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Montana advances bill to ban transgender girls from competing in school sports

girls playing basketball
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Montana legislators have advanced a bill to ban transgender girls from school sports through the state’s House Judiciary Committee.

The proposed legislation would require that elementary, high school, college and private schools that compete against a public school all reject the student athletes.

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“It is unconscionable that Montana lawmakers are focused on restricting transgender and nonbinary youth’s ability to play school sports in the midst of an unprecedented global pandemic and economic turmoil. Transgender students, like all students, deserve the chance to learn teamwork and to build self-esteem and a sense of belonging with their peers through sports,” said Sam Brinton, vice president of Advocacy and Government Affairs for The Trevor Project.

The group runs the world’s largest suicide prevention and crisis intervention organization for LGBTQ young people.

The bill will now to go the full House for a vote.

“At The Trevor Project, we constantly hear from transgender and nonbinary youth in crisis who want nothing more than to be recognized for who they are — and we know based on our research that respecting and affirming a young person’s gender identity is essential to their mental health and well-being. This discriminatory policy would only work to increase the kind of social isolation and stigma that contributes to self-harm and suicide risk. We urge the Montana House to reject this cruel and unnecessary bill, and to instead focus on expanding opportunity and support for Montana’s trans youth during this difficult time.”

The legislature is also considering a bill that would prohibit medical professionals from providing best-practice medical care to transgender youth.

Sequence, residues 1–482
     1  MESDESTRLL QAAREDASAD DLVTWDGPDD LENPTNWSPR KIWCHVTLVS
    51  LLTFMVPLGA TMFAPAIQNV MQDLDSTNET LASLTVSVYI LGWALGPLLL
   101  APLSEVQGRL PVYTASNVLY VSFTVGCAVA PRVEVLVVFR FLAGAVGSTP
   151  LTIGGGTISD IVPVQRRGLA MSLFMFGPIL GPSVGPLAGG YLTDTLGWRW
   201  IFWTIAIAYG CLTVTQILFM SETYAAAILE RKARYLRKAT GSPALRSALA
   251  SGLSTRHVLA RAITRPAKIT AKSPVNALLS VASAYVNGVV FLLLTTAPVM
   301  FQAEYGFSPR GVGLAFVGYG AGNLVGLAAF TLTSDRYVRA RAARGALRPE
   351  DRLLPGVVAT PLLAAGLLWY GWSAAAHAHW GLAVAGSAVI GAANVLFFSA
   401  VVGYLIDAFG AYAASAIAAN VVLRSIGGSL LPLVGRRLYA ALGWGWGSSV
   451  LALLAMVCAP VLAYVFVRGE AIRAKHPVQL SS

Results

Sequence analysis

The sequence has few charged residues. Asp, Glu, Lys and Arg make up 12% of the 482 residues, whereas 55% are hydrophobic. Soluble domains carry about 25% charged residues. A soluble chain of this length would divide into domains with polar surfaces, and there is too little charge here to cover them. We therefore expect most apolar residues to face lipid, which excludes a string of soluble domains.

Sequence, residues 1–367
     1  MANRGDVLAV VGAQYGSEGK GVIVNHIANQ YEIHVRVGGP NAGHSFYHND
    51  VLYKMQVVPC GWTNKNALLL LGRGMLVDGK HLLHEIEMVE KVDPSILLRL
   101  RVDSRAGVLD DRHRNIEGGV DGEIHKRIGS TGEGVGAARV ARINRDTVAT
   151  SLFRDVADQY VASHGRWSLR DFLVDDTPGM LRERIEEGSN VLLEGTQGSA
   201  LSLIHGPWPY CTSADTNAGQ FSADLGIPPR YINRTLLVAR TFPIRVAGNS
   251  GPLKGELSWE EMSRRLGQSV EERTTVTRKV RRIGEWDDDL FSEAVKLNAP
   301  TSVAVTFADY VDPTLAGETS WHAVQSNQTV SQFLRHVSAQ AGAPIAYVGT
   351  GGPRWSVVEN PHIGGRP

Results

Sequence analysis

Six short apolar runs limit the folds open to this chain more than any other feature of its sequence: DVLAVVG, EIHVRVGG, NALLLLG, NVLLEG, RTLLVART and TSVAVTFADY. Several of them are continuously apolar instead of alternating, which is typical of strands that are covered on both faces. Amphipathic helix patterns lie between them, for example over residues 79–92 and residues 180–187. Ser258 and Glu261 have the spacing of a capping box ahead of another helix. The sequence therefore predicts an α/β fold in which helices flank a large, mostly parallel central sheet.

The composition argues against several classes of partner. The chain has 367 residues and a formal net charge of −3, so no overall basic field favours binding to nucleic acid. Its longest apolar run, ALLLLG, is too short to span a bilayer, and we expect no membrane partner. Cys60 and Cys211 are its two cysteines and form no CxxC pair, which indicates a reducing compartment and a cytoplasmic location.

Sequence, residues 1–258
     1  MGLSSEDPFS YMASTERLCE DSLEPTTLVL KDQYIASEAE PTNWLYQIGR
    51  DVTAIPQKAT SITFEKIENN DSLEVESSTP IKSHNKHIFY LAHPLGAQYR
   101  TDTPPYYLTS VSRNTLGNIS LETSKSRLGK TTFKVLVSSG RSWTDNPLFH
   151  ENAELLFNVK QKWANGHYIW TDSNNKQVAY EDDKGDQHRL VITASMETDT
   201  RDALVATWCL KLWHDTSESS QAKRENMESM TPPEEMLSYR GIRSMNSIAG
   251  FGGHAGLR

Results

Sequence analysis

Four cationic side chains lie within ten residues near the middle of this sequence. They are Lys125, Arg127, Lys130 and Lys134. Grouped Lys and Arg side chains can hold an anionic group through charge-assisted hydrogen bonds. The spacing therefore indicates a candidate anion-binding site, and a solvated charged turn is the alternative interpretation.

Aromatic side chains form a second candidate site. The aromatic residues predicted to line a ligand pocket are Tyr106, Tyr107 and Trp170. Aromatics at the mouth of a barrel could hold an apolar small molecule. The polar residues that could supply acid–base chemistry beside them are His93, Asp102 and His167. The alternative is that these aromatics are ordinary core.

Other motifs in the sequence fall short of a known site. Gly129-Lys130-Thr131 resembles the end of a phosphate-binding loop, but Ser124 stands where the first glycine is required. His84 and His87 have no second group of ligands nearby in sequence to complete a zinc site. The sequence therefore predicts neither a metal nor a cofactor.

H.B. 112, dubbed the “Save Women’s Sports Act,” is “a carbon copy of Idaho’s HB 500” according to Chase Strangio, the Deputy Director for Transgender Justice for the American Civil Liberties Union (ACLU)’s LGBT & HIV Project. Idaho’s law is a similarly-named ‘Save Women’s Sports Act’ proposal that passed, but is currently blocked from being enacted by a federal court’s injunction.

Like the Idaho law, the proposal calls for “public school athletic teams to be designated based on biological sex” and would allow for cisgender athletes to seek damages from schools that allow trans students to compete as their gender identity, due to the “direct or indirect” harm that would purportedly cause.

This would go against the policy of the National Collegiate Athletic Association (NCAA), which calls for colleges and universities to allow trans students to compete in sports as the gender consistent with their identity.

The NCAA considered moving its collegiate sporting events outside of Idaho after it passed H.B. 500, potentially costing The Gem State tens of millions of dollars if the law’s not repealed. The NCAA reportedly “agreed to continue to monitor” the situation as it moves through the legal system.

H.B. 113, known as the “Youth Health Protection Act,” calls for a ban on “certain medications and medical procedures for the treatment of gender dysphoria in minors.” If passed, it would outlaw “any form of pressure” on youth to “undergo irreversible medical procedures to change sex.”

That means a health care provider could be required to pay a civil penalty of up to $50,000 if they provide any hormonal treatment, gender-affirming surgery, or “puberty-suppressing drugs.”

“It would immediately jeopardize trans lives,” Strangio said in a string of tweets. Strangio also said that this signals a trend, as they “expect we will soon see at least 15 states attempting” to pass something similar to H.B. 113.

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